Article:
Solving for traffic, the world’s annoying antagonist


Feb 21, 2024

As an Angeleno, traffic has been an antagonist in my life since I can remember. Driving home from college was a nightmare, whether I took the newly-expanded 405 freeway or braved the equally bumper-to-bumper-congested Sunset Drive. What should have been a half hour drive often turned out to be an hour and a half. But traffic congestion, sadly, isn’t a problem unique to Los Angeles. 

Last year, traffic haunted me in Boston, New York, Kampala, Lagos, Zagreb…which makes me wonder: is traffic congestion a global problem and is there a universal solution that could be developed?

Our Jobs to Be Done Theory has an opinion on that

Traffic congestion is due to a variety of issues like saturation, lack of infrastructure, and inadequate public transport. Traffic congestion also causes a variety of other issues—in addition to annoying massive delays, there are monetary losses, fuel wastage, air pollution, and health risks to consider. And yet despite all these issues surrounding traffic congestion, people still hire congested roads every day.  

Jobs Theory says that “Jobs” are the specific circumstances in people’s lives that cause them to hire, or pull in, products or services to make progress. Essentially, products and services are hired as solutions to solve problems. 

In the example of traffic, congested roads are being hired to get to work, to get home, to move from point A to point B. Therefore, congested roads aren’t the problem, they’re the solutions. 

The problem is basic mobility 

If we think about traffic congestion as a solution rather than a problem, we may be able to develop better solutions, or at the very least, come to terms with the ones we’re employing. This applies to us at an individual level and at a wider societal level. 

What I mean is that we, (yes, I too), often blame policymakers for their inability to do anything about traffic congestion. If roads are public infrastructure and traffic is society’s problem, then it’s up to our government to fix traffic, right? 

Maybe. But the government isn’t successfully fixing traffic. Adding four lanes to the 405 freeway in 2011 only made it slower today. And although there are a variety of other proposed solutions for Los Angeles, such as congestion pricing, this won’t be a universal solution for Angelenos, much less for those in other cities around the world also experiencing congestion.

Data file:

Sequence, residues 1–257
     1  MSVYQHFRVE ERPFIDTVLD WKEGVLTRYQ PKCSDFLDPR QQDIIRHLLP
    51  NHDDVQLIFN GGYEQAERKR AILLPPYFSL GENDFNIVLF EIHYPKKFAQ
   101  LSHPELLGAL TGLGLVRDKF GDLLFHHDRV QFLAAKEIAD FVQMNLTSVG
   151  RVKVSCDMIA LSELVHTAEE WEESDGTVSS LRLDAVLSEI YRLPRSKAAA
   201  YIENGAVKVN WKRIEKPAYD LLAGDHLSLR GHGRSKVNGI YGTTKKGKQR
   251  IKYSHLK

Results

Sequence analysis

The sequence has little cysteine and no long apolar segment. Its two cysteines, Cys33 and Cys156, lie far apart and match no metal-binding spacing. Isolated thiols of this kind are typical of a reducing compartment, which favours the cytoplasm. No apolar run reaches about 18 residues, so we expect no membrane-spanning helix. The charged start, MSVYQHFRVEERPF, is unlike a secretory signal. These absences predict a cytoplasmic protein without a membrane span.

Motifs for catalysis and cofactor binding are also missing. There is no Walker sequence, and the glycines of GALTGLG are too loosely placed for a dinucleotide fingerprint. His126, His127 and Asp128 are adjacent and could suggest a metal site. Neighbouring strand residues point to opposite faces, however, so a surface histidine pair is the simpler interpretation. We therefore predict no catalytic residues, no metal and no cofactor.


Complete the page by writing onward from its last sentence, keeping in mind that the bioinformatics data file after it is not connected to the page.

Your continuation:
Jobs theory also says that understanding the Job helps us focus on the problems we’re trying to solve. And although I had a mobility problem in Los Angeles, Boston, New York, Kampala, Lagos, and Zagreb, the solution I would’ve liked to hire would’ve been different in every single city, because of the different circumstances surrounding my problem.

For example, when I fly into LAX and I’m not lucky enough to book a very late or early arrival, I would happily hire a train to avoid peak traffic hour road jams. But, if instead I’m thinking about that time I missed my connecting Flixbus in Zagreb because I didn’t want to pay for the more expensive train route option, I would have, instead, been incredibly grateful for a high occupancy vehicle (HOV) lane so that my bus could get to its station on time. 

Circumstance matters 

In cities all around the world, we seem to experience the same mobility problem and we seem to hire the same solution: congested roads. But depending on our individual circumstances and the circumstances of the cities we find ourselves in, the solutions we hire should look different. 

Congestion pricing won’t work for everyone in Los Angeles because of wealth disparities. And although widening our way out of traffic didn’t work here at home, that isn’t to say building more roads won’t work in Kampala. Alternatives to congested roads include high-occupancy toll (HOT) lanes, building more roads in growing areas, installing ramp metering, clustering high density housing around transit stops, and even encouraging employers to give stipends to employees who use public transport. These alternative solutions should be hired based on the circumstances surrounding our Jobs. 

So as individuals, as policymakers, as employers, and as a society, the questions we should be asking ourselves are: why am I hiring a congested road today, and what’s the alternative I’d rather employ? 

Sandy Sanchez is a research associate at the Clayton Christensen Institute for Disruptive Innovation, where she focuses on understanding and solving global development issues through the lens of Jobs to Be Done and innovation theories. Her current work addresses how individuals can use market-creating innovations to create sustainable prosperity in growth economies.